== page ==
Govt gears up for domestic production of hybrid, electric cars
Tue, May 29 2012 19:43 | 1734 Views
Jakarta (ANTARA News) - The government is preparing for the domestic production of hybrid and electric cars, as the nation is facing a fossil fuel crisis and trying to cut greenhouse gas emissions.
President Susilo Bambang Yudhoyono board the vehicle hybrid electric (E)-smart in Gedung Agung, Yogyakarta, Friday (25/5). (ANTARA/Regina Safri)
"The hybrid car can help reduce gas emissions and save fuel consumption."
A hybrid car is one that employs two separate power sources - typically a gasoline-powered engine, along with an electric motor powered by rechargeable batteries.
Hybrid vehicles reduce greenhouse gas emissions and lessen the strain on non-renewable natural resources, while offering increased fuel efficiency.
Until now, most hybrid cars in Indonesia have been imported, although the Indonesian Institute of Sciences (LIPI) has developed many prototypes of hybrid and electric cars over the past several years.
"We have conducted researches and developed hybrid cars since 2005," LIPI`s Transportation Department Head Abdul Hafid said in November 2011.
As the consumption of fossil fuel has increased drastically in the past few years, the government has asked several automotive companies to begin the mass production of hybrid and electric-powered vehicles by 2014, in line with its plans to reduce national fuel consumption and promote green economics.
Industry Minister MS Hidayat in Jakarta on Monday (May 28) said hybrid cars were fuel-efficient and could become a solution to the current energy crisis in Indonesia.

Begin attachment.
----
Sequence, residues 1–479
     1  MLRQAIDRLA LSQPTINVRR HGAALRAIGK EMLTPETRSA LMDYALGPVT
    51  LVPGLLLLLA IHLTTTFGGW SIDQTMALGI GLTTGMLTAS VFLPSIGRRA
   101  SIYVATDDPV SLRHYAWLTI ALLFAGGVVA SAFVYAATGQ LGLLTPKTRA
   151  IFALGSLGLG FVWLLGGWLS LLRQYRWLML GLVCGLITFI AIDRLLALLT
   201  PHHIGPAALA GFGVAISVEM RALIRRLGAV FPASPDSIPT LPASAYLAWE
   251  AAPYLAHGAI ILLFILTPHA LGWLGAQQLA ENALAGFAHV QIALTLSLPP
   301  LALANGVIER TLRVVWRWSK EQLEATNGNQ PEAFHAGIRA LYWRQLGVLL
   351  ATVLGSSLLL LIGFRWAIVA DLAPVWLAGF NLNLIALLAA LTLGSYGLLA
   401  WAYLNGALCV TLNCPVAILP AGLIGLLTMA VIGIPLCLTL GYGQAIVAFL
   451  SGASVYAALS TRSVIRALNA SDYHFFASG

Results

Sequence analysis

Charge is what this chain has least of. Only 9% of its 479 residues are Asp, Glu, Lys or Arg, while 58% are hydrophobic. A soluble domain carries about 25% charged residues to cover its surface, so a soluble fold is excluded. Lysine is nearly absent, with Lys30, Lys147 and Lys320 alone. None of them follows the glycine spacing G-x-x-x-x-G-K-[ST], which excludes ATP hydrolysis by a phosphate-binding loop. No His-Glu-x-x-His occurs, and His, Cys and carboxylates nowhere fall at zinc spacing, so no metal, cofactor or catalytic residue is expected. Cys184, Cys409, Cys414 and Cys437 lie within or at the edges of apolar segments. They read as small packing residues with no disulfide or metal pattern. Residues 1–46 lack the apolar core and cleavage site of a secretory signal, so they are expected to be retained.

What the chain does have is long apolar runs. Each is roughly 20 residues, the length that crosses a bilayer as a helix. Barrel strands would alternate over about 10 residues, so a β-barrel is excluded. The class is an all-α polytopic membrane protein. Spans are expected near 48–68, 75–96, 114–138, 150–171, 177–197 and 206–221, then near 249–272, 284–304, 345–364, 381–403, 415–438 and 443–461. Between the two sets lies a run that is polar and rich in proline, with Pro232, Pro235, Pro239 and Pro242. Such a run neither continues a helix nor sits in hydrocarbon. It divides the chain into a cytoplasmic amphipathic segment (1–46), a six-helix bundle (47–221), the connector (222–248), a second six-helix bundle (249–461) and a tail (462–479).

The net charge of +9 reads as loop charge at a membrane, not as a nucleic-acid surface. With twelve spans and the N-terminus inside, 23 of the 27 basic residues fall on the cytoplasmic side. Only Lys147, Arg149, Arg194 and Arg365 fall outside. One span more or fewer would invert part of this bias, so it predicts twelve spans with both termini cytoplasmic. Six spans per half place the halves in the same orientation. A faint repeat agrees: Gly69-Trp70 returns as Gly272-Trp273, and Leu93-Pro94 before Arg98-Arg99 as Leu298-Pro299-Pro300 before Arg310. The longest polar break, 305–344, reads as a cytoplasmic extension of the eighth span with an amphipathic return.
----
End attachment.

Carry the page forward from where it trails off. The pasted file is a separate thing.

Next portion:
"The hybrid car can help reduce gas emissions and save fuel consumption. It`s in accordance with the government`s energy efficiency programme," he added.
For that purpose, Hidayat`s ministry will discuss a plan to provide incentives for hybrid car production this week.
He said for the time being hybrid cars would continue to be imported, because it was impossible to produce such cars in Indonesia in the near future.
"This week, the industry ministry will discuss the incentive scheme for hybrid cars with the finance ministry. If the incentive scheme is approved by the finance ministry, next week we will hold a meeting with automotive companies to talk about hybrid car imports," Hidayat added.
Several automotive companies such as Toyota said they could not produce hybrid cars by 2013, but might be able to do so by 2014.
Hidayat earlier said Toyota would consider producing a multi-purpose vehicle (MPV) that could be sold at a price of Rp250 million.
"People want energy-efficient and affordable cars. And we have advised Toyota to produce hybrid cars that people like," he added.
Hidayat said Toyota would not be the only hybrid car producer for Indonesia, as the office had also asked Honda to present its hybrid car production plan in the country.
Finance Minister Agus Martowardojo also confirmed the government`s plan to provide incentives. He said he would offer a fiscal incentive to encourage the development of hybrid cars in Indonesia.
Agus noted the domestic automobile industry in the country was not yet developed enough to manufacture hybrid cars. However, he added, efforts to assemble hybrid cars in Indonesia must continue, so that it did not end up being an export market for foreign countries.
"We are trying to figure how the car can be produced in the country, so that we don`t have to import, which will only make the country a market for export products," Agus stated.